Hacks and codes: DOJ to indict Iranian hackers
The Department of Justice (DOJ) plans to indict about six Iranians as early as Thursday, Reuters reports. The banks, which will remain unnamed due to concerns of retaliation, were hacked in a campaign that can be directly linked to the Iranian government, according to a source that spoke to Reuters on the condition of anonymity. The New York Post reports that nearly 50 financial institutions were attacked by hackers in the same coordinated campaign.
In addition, the Bowman Avenue Dam in Rye Brook, New York was hacked in 2013, and while the breach of the back-office computer system did not allow the hackers to gain operational control of the floodgates, investigators believe that the attack was run as a test.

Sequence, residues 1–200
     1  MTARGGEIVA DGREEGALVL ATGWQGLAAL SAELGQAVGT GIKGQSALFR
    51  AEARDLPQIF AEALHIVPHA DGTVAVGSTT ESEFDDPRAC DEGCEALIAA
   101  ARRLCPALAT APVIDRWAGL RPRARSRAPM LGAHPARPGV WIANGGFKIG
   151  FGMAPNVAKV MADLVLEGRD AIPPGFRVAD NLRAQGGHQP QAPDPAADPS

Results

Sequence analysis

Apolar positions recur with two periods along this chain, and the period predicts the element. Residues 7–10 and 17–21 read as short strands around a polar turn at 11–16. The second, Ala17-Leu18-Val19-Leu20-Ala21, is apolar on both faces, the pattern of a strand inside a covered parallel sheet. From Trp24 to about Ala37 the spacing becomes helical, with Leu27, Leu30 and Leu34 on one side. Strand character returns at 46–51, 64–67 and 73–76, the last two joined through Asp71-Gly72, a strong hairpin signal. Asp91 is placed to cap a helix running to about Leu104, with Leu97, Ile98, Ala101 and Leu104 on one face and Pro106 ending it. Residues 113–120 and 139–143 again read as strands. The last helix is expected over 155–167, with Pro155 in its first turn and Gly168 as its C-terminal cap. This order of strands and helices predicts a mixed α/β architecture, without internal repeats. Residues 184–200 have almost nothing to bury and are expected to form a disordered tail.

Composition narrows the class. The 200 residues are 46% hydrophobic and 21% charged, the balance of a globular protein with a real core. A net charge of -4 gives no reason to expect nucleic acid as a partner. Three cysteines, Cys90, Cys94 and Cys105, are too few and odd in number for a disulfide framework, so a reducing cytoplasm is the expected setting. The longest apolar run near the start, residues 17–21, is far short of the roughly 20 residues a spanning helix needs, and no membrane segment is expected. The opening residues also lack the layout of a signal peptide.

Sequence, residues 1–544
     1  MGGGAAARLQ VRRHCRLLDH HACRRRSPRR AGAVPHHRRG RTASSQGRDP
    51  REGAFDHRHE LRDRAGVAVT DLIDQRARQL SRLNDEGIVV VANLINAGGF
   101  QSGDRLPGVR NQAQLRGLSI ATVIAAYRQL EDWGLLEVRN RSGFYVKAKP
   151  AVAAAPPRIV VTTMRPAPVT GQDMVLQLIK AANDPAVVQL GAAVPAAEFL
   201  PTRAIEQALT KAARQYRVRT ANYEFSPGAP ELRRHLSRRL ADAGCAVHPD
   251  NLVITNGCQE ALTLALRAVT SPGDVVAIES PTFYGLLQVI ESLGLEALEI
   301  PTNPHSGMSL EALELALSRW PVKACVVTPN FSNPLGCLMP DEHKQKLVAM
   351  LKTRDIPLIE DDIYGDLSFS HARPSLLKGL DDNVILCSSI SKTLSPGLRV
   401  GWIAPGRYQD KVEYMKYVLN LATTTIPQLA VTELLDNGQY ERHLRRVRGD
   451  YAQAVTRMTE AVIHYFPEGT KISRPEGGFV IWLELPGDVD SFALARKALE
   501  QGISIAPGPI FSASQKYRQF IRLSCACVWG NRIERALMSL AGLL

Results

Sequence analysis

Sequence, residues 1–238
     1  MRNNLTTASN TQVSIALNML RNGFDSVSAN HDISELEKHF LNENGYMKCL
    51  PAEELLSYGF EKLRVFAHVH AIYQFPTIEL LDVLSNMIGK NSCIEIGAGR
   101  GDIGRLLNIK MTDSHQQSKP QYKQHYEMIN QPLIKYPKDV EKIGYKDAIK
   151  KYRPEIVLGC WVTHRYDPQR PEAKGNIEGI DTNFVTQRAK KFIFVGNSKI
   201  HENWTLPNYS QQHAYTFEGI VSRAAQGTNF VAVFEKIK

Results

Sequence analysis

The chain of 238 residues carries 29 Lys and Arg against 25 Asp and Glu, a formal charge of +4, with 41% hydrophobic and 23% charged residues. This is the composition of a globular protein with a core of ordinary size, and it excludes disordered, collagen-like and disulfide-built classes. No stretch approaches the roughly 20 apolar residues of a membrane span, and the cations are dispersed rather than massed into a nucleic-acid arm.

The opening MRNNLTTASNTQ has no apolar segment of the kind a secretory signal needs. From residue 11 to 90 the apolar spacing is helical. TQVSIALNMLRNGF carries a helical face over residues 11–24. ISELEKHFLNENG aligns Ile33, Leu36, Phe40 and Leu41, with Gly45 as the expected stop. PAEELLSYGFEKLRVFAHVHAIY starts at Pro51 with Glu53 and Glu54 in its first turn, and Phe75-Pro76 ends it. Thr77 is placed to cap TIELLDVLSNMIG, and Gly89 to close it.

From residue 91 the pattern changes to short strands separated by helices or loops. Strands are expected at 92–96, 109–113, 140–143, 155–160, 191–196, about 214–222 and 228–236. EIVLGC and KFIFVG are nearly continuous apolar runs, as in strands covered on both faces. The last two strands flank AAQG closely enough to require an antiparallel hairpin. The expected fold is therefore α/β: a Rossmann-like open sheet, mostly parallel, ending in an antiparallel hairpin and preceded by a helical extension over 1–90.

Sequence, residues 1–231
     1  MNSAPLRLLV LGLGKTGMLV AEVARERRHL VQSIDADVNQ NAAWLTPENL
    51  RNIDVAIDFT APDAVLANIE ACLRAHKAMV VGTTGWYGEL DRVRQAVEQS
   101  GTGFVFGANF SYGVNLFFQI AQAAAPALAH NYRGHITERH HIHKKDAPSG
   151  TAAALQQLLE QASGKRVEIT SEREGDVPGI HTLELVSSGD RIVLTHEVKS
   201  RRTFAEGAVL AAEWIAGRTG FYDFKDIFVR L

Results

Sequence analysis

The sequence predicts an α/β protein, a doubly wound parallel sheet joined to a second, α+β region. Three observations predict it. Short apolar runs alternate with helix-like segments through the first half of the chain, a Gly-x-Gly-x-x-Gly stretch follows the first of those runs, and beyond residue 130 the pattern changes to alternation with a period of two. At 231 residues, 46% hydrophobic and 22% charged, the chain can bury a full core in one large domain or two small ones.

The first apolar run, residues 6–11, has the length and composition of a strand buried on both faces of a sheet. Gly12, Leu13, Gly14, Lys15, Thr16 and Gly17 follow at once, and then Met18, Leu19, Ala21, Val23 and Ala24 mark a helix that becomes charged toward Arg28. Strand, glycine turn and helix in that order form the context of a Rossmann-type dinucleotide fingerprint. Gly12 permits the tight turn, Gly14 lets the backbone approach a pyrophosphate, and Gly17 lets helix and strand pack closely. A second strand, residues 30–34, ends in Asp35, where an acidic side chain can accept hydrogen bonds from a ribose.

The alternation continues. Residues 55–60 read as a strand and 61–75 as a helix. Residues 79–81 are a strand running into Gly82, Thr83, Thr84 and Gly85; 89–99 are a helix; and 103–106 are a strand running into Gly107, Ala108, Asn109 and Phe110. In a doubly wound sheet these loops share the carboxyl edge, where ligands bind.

This was followed by a cyber-attack in 2014 that led to a data breach of 5.6 million fingerprint files at the Office of Personnel Management. The US government believes members of the Chinese military were behind that one. In the same year, five members of China’s People’s Liberation Army were charged with hacking into the networks of various US corporations.
These major breaches have led to the current crackdown on hackers attempting to compromise US cyber-security. At a conference earlier this month, National Security Agency director and US Cyber Command commander Michael Rogers said it was “when, not if” that another country would attempt a cyber-attack on US infrastructure, much like the one seen in Ukraine in December that caused a blackout leaving 225,000 customers without power.
How Iran will respond to the charges is anyone’s guess, especially considering that the US and Israel are highly suspected of sabotaging Iran’s nuclear program using the Stuxnet worm virus in 2009 and 2010.